I’ve told you this story previously, a few years ago, but now that I’m in Small Claims Court myself, I thought you’d enjoy a Friday repeat. As always, the terrific names are from Damon Runyon. I call the enterprising litigant Feet Samuels. In reality (I mean, real reality, not TV reality, although as a new invitee to The People’s Court, I’m getting a little confused about the distinction), Feet was and still is my brother. Here’s the story:
When Feet Samuels, a musician, played a gig for contractor Scoodles Shea, he hadn’t been warned by his union that Scoodles made it his practice to run out on his debts. (Which is why Feet got involved in union politics but that’s another story.)
So Feet sued Scoodles for the 90 bucks he was owed for the gig. Feet reasoned that retaining a lawyer to go after $90 was perhaps overkill and sued pro se (handled everything by himself), in Small Claims Court.
This happened a number of years ago, back when a gig could command a fat 90 buck fee. It was also back when Small Claims Court required the plaintiff to perform service upon the defendant himself. (Now the court serves your complaint for you.)
So here’s the creative way Feet served Scoodles: Feet’s fiancée and her father, Frankie Ferocious (his persona, not his reality), phoned Scoodles, told him they were thinking of booking his combo for her wedding. Could they come to a gig he was playing just to sample his combo’s wares? Of course, said Scoodles, eager for a new client.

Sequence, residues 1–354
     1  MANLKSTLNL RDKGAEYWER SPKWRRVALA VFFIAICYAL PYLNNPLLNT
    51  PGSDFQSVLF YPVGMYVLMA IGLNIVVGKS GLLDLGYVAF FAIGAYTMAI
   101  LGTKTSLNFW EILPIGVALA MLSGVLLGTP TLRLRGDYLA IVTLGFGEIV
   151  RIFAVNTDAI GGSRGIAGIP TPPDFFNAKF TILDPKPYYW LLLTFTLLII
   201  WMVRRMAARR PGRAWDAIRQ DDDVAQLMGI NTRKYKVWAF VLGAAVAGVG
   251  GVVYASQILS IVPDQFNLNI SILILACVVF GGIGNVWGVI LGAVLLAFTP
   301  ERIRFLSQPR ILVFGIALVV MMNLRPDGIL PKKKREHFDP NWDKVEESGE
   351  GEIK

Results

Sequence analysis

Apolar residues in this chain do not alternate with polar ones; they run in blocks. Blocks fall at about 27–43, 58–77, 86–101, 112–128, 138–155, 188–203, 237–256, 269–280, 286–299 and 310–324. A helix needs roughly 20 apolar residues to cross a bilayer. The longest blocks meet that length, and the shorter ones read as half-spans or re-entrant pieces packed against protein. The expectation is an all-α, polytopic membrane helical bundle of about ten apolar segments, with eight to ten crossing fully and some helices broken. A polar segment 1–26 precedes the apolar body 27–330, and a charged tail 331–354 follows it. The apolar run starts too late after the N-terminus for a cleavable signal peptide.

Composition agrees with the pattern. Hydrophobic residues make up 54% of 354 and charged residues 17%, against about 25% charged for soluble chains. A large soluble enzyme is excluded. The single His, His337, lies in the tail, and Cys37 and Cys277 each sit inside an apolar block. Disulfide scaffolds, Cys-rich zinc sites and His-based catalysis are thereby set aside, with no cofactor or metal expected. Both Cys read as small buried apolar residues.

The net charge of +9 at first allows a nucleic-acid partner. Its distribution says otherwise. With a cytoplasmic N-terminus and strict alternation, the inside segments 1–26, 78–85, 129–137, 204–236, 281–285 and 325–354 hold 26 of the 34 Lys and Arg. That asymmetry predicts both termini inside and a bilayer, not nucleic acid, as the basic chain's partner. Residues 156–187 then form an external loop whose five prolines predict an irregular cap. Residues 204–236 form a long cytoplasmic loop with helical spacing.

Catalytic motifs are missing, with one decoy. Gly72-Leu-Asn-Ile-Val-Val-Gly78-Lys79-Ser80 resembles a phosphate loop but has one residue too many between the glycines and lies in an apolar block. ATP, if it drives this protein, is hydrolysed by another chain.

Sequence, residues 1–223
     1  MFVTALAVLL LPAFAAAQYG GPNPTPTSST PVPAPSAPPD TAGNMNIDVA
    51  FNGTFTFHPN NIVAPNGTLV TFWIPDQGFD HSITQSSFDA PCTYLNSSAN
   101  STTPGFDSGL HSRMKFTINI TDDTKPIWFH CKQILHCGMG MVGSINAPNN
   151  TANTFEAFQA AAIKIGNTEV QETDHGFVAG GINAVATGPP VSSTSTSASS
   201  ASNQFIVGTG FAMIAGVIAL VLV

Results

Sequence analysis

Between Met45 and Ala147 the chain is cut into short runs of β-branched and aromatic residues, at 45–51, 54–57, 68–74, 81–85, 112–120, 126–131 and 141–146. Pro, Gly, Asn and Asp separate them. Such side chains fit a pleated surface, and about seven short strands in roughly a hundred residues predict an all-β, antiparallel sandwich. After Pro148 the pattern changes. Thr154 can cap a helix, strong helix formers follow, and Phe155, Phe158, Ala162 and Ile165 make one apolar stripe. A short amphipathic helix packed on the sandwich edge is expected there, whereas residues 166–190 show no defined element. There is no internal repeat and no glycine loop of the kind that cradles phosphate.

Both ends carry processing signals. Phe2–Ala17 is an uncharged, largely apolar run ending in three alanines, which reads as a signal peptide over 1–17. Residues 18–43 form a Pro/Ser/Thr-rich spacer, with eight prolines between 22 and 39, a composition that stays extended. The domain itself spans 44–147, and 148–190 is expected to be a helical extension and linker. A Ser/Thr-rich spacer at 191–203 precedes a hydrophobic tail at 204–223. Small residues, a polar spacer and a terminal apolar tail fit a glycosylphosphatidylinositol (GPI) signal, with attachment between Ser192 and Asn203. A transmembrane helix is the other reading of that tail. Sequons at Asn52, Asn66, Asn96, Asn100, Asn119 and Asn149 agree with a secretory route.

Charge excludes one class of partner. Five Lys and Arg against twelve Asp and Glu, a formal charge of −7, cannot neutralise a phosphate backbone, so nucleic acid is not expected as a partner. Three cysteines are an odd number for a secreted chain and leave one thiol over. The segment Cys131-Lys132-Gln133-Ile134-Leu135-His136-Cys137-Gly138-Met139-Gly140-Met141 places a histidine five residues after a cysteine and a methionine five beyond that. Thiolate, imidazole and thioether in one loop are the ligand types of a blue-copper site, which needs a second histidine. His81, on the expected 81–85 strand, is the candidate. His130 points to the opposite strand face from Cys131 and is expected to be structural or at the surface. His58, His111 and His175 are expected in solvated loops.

Frankie Ferocious and his daughter showed up at the wedding, nibbled at the buffet, and then served Scoodles with Feet’s lawsuit. (I don’t have to tell you that they did not hire Scoodles for the wedding. In fact, the wedding took place at City Hall and then we all walked over to Feet’s Chinese restaurant — every musician in New York used to have his own Chinese restaurant and many, many funny stories have emerged from that fact — and stuffed ourselves. No band was required.)
The lawsuit proceeded. Scoodles never showed up for the hearing so Feet won, by default. The deciding judge looked down upon the head of Feet and pronounced, “You know you’re wasting your time with this guy – you shouldn’t bother,” but Feet replied, “No, it’s fine, it’s kind of my hobby,” and the judge said “Okay,” and signed whatever she had to sign to get Feet out of there.
By this time Scoodles had made himself totally, legally invisible. He couldn’t be found and he’d handed all his assets over to his wife. Feet, however, was determined to serve Scoodles with the judgment, so he tied on his running shoes and jogged over to Scoodles’s house.
Scoodles himself opened the door. Feet served him. Scoodles look embarrassed and said, “Oh, you shouldn’t have to do this.” But wasn’t embarrassed enough to pay up.
Feet got otherwise musically occupied and didn’t further pursue Scoodles, but that was the last time he let anybody off the legal hook.